Today is the 1516th day of my life in a camp called the Manus Island Regional Processing Centre (MIRPC), run by the Australian Government in Papua New Guinea. We were brought here against our will to be ‘processed’ and then resettled in Australia or a third country.
My eyes open in the morning and though I am still half asleep, the nightmare I see does not allow me to sleep again. Fear fills my head as I think about what will happen after the next five days. The Australian Government will close MIRPC at any cost on the 31st of October. As this repeats in my head, I am playing with a cricket ball hung from the top of my bunk bed. I push the cricket ball and it comes back to me like pendulum. I roll over to my right side and start looking at the wall of my bunk bed that I made from empty cartons. There are many people in a single hall so everyone makes makeshift walls on his own bunk bed, for privacy and to try to keep belongings safe.
Still I am thinking: ‘What will happen after five days? What will happen if they take us to Lorengau, the small town on Manus Island?’ In the past few months, two other refugees were found dead, hanging from trees. Other refugees have been badly injured from knife and machete attacks by local people. Cultural differences, poverty and misinformation breed this violence, and my fear and depression do not allow me to sleep.
I decide to get up and brush my teeth. As I open the hall door, the sun is shining as usual and I can hardly open my eyes. Here, the sunshine reflects on the white coral ground and burns my eyes. Still I look up and see that a mentally upset and depressed person who usually sits in the hot sun by our compound gate has flowers in of his both ears, and one in his hand, that he holds up like he is waiting for someone to arrive. Or maybe he is imagining that he is in a garden somewhere.
I move on, heading to the showers. After I brush my teeth, I return to my room and sit in my bunk bed. I start looking around and wonder whether I should pack my stuff before the police come inside the compound and take us to the Lorengau Centre by force. They will use force because no one is ready and willing to go there. Everyone fears for their lives.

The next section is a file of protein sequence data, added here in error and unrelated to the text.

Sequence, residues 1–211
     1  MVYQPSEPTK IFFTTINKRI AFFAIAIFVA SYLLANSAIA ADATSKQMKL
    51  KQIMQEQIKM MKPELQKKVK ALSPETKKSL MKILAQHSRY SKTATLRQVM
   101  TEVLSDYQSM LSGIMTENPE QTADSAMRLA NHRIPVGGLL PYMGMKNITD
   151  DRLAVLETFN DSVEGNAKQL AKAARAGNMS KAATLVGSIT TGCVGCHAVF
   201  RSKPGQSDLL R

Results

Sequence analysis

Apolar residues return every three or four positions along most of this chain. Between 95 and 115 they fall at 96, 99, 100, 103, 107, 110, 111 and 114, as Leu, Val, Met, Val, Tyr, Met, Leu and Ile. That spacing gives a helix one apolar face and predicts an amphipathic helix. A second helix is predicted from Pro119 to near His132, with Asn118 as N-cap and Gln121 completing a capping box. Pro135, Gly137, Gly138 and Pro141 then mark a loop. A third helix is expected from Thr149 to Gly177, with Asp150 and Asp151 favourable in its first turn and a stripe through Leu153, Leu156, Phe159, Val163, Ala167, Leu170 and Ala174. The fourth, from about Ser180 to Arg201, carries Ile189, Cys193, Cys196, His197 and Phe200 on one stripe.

I don’t pack my stuff but sit there for an hour thinking about all the things circling in my head. The thoughts are growing more intense and making me more depressed, so I go outside for some fresh air. I go to the small garden I made in front of my compound. On the right side of the garden is a tree, and I sit there in its shade beside the fences. The breeze is nice. Some local kids walking by have a soccer ball that they are passing to each other, which reminds me of my childhood days and how I used to play and love cricket. As soon as I would come back from school and had lunch, or even without lunch, I would take my cricket bat and ball and go out with my cousins and friends to the school ground in our village and play until evening. I still love cricket in the same way I used to love it in my childhood.
At lunchtime I decide to go and finally eat something, because I don’t do breakfast. There is a long queue for food in front of the mess gate. I sit at the end of the queue – there are about forty people ahead of me. After my number arrives, I collect my curry and white rice. The curry tastes so bad as the meat is not cooked, so I just eat the rice.
Around 2 o’clock I join a peaceful protest walk. It is the eighty-seventh day of peaceful protest. Men are holding banners and cards with different slogans on them, like ‘Four years are enough’, ‘PNG is not safe for us’, and ‘Safety is everyone’s human right.’ The main purpose of the protest is to let people know that we don’t want to be resettled in Papua New Guinea. We are also asking for an end to this indefinite detention.
In the evening, I sit by the beach and listen some good music. This gives me peace and satisfaction like a kind of yoga. I then race off to catch dinner. Dinner starts at 6pm and finishes at 8pm, so you have to eat within these hours. If you come late, there is no meal. The queue for dinner is always double the size of lunch, because if the food runs out they do not bring more. Prison and this detention centre have the same rules, but our only crime is to come to Australia looking for safety. For that, we have been detained for the last four years.
After a thirty to thirty-five-minute wait in the queue, I have my dinner. I then go to my bed to write about a single day from the life that I am living, though it’s difficult with my limited English language grammar and vocabulary. It’s also hard to read and write here because there are about thirty people living in one room. Some are talking and some are listening to music, so it’s hard to focus.
At 12 o’clock the light will go off, and I will then take out my phone from my pocket to see what’s going on. Check my inbox. Reply to friends. Send some text messages to Amnesty International, the UNHRC and other organisations that work for human rights, asking them to please look into our matter.
I’ll then open Facebook and scroll through some posts that speak in our support, and read messages of raised voices around Australia that speak for us to be let free. I really want to thank those people who don’t have any personal agenda, but are trying to help and support us just for the sake of humanity. Humanity is above religion.